Hepatitis B

Fact sheet about Hepatitis B

Updated: October 2018

What is hepatitis?

Hepatitis is any kind of inflammation (a reaction which can include swelling and pain) of the liver. Hepatitis has many causes, including viruses (type of germ), drugs, chemicals and alcohol, and even one’s own immune system attacking the liver. At this time, there are five viruses known to affect the liver in particular. In the United States, the most common types of viral hepatitis are hepatitis A, hepatitis B and hepatitis C. These viruses are very different from one another, but all are infectious (and can be spread from person to person) and may cause similar symptoms. They differ in how they are spread, how long the infection lasts, and how they are treated. A healthcare provider can test a person’s blood for the presence of infection with hepatitis A, B and C viruses.

What is hepatitis B?

Hepatitis B is a liver infection caused by the hepatitis B virus. Most people who get the disease recover from it and can never get it again. However, about 10% of adults who get hepatitis B will go on to have chronic (long-term) infection and can pass it on to others (be a carrier). When it is chronic, it can be a serious disease that can lead to cirrhosis (scarring of the liver) and/or liver cancer. The younger a person is when infected, the more likely he or she is to go on to have chronic infection and to develop serious liver disease. There is a vaccine to prevent hepatitis B infection. 

How is it spread?

The hepatitis B virus is spread by direct contact with blood, semen, vaginal and other body fluids of an infected person. The virus is very infectious and is transmitted easily through breaks in the skin or through mucous membranes (nose, mouth, eyes).  This can happen through:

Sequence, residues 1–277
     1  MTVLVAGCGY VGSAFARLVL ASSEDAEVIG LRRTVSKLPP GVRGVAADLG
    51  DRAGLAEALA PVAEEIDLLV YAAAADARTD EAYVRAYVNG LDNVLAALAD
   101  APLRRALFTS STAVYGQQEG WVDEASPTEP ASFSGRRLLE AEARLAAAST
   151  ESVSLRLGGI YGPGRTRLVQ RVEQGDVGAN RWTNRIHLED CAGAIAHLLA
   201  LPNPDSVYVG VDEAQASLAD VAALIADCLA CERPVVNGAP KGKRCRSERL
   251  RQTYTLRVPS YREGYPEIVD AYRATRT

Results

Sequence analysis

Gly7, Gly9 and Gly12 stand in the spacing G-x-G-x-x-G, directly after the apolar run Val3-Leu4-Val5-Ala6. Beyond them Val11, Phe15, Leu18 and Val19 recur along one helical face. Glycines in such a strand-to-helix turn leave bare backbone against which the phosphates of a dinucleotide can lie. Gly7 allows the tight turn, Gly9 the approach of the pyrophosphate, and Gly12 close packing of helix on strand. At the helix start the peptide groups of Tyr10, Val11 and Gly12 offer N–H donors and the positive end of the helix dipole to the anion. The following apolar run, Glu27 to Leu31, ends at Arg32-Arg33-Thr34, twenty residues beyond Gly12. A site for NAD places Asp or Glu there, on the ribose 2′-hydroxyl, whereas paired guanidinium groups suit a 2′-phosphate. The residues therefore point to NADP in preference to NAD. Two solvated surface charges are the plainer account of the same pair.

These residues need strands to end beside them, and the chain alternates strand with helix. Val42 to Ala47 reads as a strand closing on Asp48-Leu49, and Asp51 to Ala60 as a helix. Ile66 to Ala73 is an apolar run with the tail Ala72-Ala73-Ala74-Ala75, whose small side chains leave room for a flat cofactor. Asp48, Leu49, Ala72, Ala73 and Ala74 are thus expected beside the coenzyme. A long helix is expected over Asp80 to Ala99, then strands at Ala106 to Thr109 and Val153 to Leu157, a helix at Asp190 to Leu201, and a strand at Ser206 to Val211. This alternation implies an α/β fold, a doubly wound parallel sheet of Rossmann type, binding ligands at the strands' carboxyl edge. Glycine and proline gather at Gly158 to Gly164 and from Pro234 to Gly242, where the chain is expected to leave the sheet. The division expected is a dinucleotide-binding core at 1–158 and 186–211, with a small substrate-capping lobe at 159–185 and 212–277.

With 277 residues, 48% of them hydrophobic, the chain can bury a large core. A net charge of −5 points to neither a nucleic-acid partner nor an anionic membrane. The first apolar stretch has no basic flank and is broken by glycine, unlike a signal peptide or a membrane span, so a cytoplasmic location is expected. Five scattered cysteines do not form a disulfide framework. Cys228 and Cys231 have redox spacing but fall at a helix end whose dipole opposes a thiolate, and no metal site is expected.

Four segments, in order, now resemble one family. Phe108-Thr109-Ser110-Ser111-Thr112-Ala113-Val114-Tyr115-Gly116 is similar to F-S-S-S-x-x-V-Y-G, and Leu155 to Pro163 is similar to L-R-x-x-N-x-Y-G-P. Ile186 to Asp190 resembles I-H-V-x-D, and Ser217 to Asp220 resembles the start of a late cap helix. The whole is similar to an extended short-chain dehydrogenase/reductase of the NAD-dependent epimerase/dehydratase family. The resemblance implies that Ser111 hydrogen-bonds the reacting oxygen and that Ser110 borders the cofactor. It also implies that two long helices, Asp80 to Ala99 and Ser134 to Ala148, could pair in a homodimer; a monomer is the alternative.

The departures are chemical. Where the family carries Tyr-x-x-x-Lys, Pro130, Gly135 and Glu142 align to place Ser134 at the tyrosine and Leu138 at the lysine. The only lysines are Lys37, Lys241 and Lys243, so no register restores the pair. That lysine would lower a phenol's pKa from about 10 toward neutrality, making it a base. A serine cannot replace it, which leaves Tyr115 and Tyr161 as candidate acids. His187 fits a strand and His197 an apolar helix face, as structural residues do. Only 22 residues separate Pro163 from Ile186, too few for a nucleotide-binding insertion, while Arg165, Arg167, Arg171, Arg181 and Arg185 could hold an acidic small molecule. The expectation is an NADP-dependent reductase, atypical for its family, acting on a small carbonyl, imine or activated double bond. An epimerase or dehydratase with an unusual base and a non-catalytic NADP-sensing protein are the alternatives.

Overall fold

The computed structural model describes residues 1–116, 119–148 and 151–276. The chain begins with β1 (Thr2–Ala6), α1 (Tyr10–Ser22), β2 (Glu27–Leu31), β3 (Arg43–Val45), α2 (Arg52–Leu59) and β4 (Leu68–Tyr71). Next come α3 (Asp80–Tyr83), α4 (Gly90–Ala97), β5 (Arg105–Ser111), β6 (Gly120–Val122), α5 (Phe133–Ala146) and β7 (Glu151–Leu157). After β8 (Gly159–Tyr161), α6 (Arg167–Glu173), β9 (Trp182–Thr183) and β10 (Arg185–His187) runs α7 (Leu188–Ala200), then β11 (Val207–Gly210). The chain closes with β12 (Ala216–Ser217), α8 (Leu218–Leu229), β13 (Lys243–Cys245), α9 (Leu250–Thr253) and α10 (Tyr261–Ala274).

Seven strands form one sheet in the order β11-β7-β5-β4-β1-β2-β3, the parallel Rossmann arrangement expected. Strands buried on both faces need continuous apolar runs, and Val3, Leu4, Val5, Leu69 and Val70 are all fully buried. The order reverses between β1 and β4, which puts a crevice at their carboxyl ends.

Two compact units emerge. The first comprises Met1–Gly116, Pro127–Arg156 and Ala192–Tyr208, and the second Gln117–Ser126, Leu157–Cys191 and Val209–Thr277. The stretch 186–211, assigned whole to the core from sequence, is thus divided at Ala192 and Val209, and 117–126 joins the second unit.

• Sexual contact with an infected person
  • Direct contact with infected blood, including sharing needles to inject drugs or other drug injection equipment that has blood on it
  • Sharing personal items, such as toothbrushes, razors, syringes, or glucose monitors that may have blood on them
  • Direct contact with open sores of an infected person
  • Pregnant women infected with the virus passing it to their babies at birth.

The hepatitis B virus is NOT spread by casual contact such as hugging, or by sneezing, coughing, or sharing food and drinks.  Hepatitis B is also not spread by breast feeding.

What are the symptoms of hepatitis B?

Many adults have few or no symptoms and do not know they are infected. When symptoms occur, they can include tiredness, loss of appetite, nausea, vomiting, stomach ache, and muscle or joint pain. Urine may become darker in color, and then jaundice (yellowing of the skin and whites of the eyes) may appear. Symptoms can begin as soon as six weeks to as long as six months after contact with the virus.  Symptoms of chronic hepatitis B may begin to occur 20 to 30 years after infection occurred.  Damage to the liver by hepatitis B virus causes symptoms similar to those of acute infection, and may indicate liver damage, scarring of the liver (cirrhosis), liver failure and even liver cancer.

How do I know if I have hepatitis B?

Hepatitis B is diagnosed with blood tests. These blood tests can tell the difference between recent and chronic, and current and past infection.